medwireNews: The ADA and KDIGO have produced a consensus statement on treating chronic kidney disease (CKD) in people with diabetes.
Presenting the groups’ conclusions at the 82nd ADA Scientific Sessions in New Orleans, Louisiana, Peter Rossing (Steno Diabetes Center Copenhagen, Denmark) explained that representatives of both organizations came together to compare their existing guidelines and identify areas of agreement and divergence.
Overall, he said, the two guidelines were in strong agreement: “We are really speaking the same language.”
The consensus statement covers screening and diagnosis, comprehensive care, and treatment targets and pharmacotherapy.
Screening should occur annually from the point of diabetes in people with type 2 diabetes and from 5 years after diagnosis in those with type 1 diabetes, with only persistent abnormalities defining CKD.
Rossing stressed the need to screen for both estimated glomerular filtration rate (eGFR) and urinary albumin to creatinine ratio, pointing to data showing that the former, but not the latter, is regularly assessed. And he noted that, besides being diagnostic, these two parameters can also help physicians to determine renal and cardiovascular risk, frequency of follow-up, and when to refer to specialist care.
The statement includes a treatment algorithm, based on promoting a healthy lifestyle, followed by escalating medication options.
First-line medication for all CKD patients, including those with type 1 diabetes, are renin–angiotensin system inhibitors and moderate- or high-intensity statins. Additional options for people with type 2 diabetes are sodium-glucose cotransporter (SGLT)2 inhibitors and metformin.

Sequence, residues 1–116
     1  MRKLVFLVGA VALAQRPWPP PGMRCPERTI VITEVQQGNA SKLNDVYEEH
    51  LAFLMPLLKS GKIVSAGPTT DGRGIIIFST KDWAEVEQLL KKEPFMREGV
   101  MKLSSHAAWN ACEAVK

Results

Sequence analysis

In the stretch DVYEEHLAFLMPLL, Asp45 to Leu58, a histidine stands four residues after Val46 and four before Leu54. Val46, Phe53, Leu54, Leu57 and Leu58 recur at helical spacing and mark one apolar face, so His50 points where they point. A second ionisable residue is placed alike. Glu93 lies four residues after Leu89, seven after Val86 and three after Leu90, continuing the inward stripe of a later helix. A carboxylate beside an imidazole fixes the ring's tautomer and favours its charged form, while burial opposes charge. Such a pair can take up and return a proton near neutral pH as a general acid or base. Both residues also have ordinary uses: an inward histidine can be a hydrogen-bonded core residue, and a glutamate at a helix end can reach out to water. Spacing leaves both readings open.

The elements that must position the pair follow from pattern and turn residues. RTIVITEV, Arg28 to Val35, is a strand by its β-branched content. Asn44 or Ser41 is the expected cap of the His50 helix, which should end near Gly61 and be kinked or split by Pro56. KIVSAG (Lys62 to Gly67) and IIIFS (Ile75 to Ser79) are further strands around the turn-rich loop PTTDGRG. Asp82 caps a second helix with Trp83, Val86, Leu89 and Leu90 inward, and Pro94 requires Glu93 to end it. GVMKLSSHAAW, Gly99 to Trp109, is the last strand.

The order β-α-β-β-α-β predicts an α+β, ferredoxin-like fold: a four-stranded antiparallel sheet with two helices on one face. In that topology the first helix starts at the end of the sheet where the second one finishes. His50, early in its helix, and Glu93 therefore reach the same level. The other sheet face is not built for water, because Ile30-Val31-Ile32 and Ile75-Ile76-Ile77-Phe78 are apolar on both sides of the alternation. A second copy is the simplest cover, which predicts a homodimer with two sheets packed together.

Rossing noted that metformin can be given to people with an eGFR of at least 30 mL/min per 1.73 m2 and, based on the most recent data, SGLT2 inhibitors can be started down to an eGFR of 20 mL/min per 1.73 m2 and continued even if it subsequently falls lower.
He observed that despite the currently high upfront costs of SGLT2 inhibitors, early analysis suggests that they are actually cost-saving from an overall healthcare perspective, and also improve quality of life, which he described as “a rather unique position for new treatments” and down to their ability to delay or prevent dialysis and transplantation.
After these first-line options come additional therapies for optimizing glucose levels and minimizing renal risk. Rossing highlighted the recommendation for glucagon-like peptide-1 receptor agonists in people with type 2 diabetes, because of their strong cardioprotective effects, and the option of a nonsteroidal mineralocorticoid receptor antagonist (ie, finerenone), also for people with type 2 diabetes if they have residual renal risk.
The presenter added that glycated hemoglobin (HbA1c) targets in people with CKD should be individualized, within a range of 6.5% to 8.0% (48 to 64 mmol/L), according to factors including CKD severity, macrovascular complications, life expectancy, and hypoglycemia risk.
But he noted that HbA1c in CKD patients is “not always very precise,” and the guidelines therefore recommend use of continuous glucose monitoring to aid glycemic control in this population. The statement also provides guidance on which glucose-lowering agents require dose adjustment in people whose eGFR falls below 45 mL/min per 1.73 m2.
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